Cantors for the High Holidays
Virtually no practicing chazzanim were left in the Soviet Union by then. Yet some Jews with a flair for Jewish music were familiar with the traditional nusach tunes of the holiday prayer services and served as chazzanim during the month of Tishrei. As employees of the government, they were entitled to one month’s vacation a year. Accordingly, they scheduled their vacation for the month of Tishrei. They generally wouldn’t remain in their home towns but travelled to other cities seeking an appointment to lead the holiday prayers in a shul.
Expressed in these chazzanim‘s prayers was their full year of pent-up, deep-seated feelings.
They were paid well for this but “under the table.” Officially they received only a minimal payment in order to avoid paying the legally required taxes.
Two such chazzanim came from Moscow to Yekatrinoslav for the High Holidays and Sukkos. One was an opera singer, one of the theater’s best performers. He dressed and looked like a typical stage performer.
Accompanying him was another man who was more like a traditional shliach tzibbur. A bookkeeper at a government concern, he was a talented singer, and was also Torah-literate. He descended from the Rav of Slavuta.
The performer, if I remember correctly, was a descendant of Rabbi Avraham “the malach,” who is buried in Fastov, near Kiev. His surname was Lieber, which he said was also his grandfather’s surname.
As a performer, his face was cosmetically made up and didn’t sport even a mustache. But he would tell stories he heard from his grandfather and Chasidic stories in general, with the “broken heart” of a veteran Chasid.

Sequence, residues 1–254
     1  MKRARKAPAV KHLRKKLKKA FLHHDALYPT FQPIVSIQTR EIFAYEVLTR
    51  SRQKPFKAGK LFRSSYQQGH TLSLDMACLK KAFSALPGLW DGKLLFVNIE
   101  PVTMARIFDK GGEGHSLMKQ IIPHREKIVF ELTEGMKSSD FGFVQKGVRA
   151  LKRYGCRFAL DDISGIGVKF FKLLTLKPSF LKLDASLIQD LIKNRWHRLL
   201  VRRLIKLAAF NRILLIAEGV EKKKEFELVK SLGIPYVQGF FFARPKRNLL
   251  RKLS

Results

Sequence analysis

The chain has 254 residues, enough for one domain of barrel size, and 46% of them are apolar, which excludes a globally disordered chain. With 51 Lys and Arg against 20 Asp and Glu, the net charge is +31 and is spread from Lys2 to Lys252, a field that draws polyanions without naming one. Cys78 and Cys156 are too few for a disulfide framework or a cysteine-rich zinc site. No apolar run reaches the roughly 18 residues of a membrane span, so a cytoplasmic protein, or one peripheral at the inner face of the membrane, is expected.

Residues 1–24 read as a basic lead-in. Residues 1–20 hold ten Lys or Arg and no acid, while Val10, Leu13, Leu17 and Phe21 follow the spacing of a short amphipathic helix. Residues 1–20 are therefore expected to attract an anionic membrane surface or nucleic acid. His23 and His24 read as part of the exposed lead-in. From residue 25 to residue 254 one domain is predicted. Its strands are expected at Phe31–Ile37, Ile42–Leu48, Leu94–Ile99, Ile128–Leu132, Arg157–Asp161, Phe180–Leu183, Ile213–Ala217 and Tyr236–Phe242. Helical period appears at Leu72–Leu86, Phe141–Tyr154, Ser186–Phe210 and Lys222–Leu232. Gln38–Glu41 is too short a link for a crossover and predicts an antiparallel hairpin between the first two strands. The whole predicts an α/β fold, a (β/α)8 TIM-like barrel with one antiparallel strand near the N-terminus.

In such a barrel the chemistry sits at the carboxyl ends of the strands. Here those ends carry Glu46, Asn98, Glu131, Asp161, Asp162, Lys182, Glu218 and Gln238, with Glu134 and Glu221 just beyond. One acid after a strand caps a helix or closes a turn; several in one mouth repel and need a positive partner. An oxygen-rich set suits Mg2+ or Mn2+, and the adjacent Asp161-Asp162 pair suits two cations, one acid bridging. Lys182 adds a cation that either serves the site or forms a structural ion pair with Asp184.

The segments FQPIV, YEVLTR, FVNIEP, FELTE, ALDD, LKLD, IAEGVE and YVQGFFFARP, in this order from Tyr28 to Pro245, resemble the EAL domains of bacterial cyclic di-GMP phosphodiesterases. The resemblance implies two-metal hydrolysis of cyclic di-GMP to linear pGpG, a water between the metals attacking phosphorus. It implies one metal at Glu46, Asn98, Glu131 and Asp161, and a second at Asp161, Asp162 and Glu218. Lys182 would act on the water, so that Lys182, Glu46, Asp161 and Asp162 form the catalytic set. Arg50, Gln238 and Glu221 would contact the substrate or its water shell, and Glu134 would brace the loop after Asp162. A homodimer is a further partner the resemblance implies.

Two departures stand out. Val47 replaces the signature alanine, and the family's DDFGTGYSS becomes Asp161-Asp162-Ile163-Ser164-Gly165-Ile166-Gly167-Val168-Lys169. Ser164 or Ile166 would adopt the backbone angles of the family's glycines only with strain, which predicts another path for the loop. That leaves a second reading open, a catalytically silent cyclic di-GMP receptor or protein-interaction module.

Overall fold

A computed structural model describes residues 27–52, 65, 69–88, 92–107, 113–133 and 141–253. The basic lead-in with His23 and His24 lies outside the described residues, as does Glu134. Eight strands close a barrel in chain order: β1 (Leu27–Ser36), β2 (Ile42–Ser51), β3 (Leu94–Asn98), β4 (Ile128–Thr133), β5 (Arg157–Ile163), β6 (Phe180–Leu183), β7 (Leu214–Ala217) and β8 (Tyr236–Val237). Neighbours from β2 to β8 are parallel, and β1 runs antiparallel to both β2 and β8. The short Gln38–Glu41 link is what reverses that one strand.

Both chazzanim related that they had wanted to spend this month, which is filled with prayers, and its attendant inspiring atmosphere, in a traditional Jewish environment. While in Moscow, they heard of Schneerson’s comportment in face of that era’s difficulties, and they decided to travel to Yekatrinoslav for that month.
Upon arriving, they visited my husband to seek his advice on how to secure paid positions as chazzanim while at the same time using their talents to arouse and reinforce Jewish feelings—which the regime was trying to extinguish. “That,” they explained, “is why we have come to you, the Rav.”
Indeed, they were hired to lead the prayers of the High Holidays and Sukkot in the shul where my husband prayed.
My writing abilities are far insufficient to describe our shul’s inspiring atmosphere and the outpouring of the soul expressed there on those holy days under the influence of the Rav and these two chazzanim.
For the full diary entry please visit: http://www.chabad.org/1829462